The towns and villages in Herefordshire set out to raise a sum by investment or deposit in all types of war savings representing the cost of building one of His Majesty’s ships ranging from the smallest to the largest vessels.  Once the target had been raised the community adopted the vessel along with its crew and the bond was strengthened by presentations in recognition of the money raised.  Links were maintained by the writing of letters and the provision of comforts and whenever possible visits were arranged to the adopting area.
Wooden shields mounted with the ship's crest and with an enscribed plate recording the adoption were presented by the Admiralty to the Council and a plaque presented by the community to the adopted vessel but where is the crest of HMS Vivien now that Herefordshire is a unitary authority?

Most of the V&W Class destroyers in commission with the Royal Navy were adopted during the Warship Week scheme and in a number of cases local sea cadet units later took the name of the ship. To find more about Warship Weeks see Peter Schofield’s article on ‘National Savings and Warship Weeks’.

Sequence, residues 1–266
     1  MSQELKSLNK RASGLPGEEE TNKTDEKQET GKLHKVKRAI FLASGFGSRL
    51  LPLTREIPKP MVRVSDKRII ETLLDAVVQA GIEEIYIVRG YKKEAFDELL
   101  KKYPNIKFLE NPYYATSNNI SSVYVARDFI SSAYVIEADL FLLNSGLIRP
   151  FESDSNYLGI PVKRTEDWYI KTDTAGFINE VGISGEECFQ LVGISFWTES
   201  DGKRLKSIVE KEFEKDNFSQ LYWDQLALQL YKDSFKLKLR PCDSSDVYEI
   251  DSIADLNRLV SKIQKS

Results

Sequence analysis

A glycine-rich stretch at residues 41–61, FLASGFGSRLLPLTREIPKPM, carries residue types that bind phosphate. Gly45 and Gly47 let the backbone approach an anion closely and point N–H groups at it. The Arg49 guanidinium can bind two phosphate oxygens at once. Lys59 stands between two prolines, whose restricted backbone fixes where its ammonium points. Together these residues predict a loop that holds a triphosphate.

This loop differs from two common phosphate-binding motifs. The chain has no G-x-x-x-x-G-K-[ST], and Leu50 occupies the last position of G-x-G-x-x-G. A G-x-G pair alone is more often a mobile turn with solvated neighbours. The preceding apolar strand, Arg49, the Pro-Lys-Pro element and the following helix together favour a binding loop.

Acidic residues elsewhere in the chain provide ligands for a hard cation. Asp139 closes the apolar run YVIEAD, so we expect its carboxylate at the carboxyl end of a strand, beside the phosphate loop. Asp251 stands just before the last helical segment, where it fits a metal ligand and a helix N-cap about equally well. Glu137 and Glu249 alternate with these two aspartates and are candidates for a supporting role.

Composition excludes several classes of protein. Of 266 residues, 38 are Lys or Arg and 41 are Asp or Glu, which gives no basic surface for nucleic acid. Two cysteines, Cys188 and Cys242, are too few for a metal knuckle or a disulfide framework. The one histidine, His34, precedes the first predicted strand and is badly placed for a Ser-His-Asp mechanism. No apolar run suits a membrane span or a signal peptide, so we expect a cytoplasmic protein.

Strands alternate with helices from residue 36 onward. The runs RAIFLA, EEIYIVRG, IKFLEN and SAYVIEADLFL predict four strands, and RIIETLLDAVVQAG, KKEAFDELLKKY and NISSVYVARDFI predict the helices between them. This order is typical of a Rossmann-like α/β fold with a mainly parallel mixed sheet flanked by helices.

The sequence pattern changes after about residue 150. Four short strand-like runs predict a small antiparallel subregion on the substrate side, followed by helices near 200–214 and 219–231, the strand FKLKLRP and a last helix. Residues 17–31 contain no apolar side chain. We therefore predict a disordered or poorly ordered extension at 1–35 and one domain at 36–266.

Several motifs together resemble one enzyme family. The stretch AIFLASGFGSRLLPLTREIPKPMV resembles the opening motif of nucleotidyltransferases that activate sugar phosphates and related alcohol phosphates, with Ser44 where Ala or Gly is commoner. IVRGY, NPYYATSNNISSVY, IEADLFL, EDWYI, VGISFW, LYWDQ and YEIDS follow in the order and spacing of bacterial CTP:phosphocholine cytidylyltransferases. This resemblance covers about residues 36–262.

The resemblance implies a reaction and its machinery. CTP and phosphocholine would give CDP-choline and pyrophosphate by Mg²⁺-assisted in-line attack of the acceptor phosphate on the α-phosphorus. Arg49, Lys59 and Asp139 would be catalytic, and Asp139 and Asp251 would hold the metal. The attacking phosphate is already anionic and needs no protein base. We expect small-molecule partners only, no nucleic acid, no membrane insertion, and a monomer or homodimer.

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Bromyard-2
Bromyard is an ancient market town in the valley of the Frome in Herefordshire midway between Leominster and Worcester with a population of five thousand.


Bromyard Urban District and Rural District raised 60,454 (6 0s 4d. per head) during
Herefordshire's Warships Week from 29 November to 6 December 1941

This was much lower than the amount normally required to adopt a destroyer. The County town of Hereford raised twice this amount to adopt HMS Volunteer, a sister  ship of Vivien. Worcester seventeen miles to the East on the River Severn raised 770,000 to adopt HMS Worcester, but it had a population close to 600,000 and Bromyard was a small town with a population of five thousand. Leominster twenty-five miles to the West had a population twice that of Bromyard but had to be satisfied with adopting the Albury Class Minesweeper HMS Fitzroy despite raising 128,146.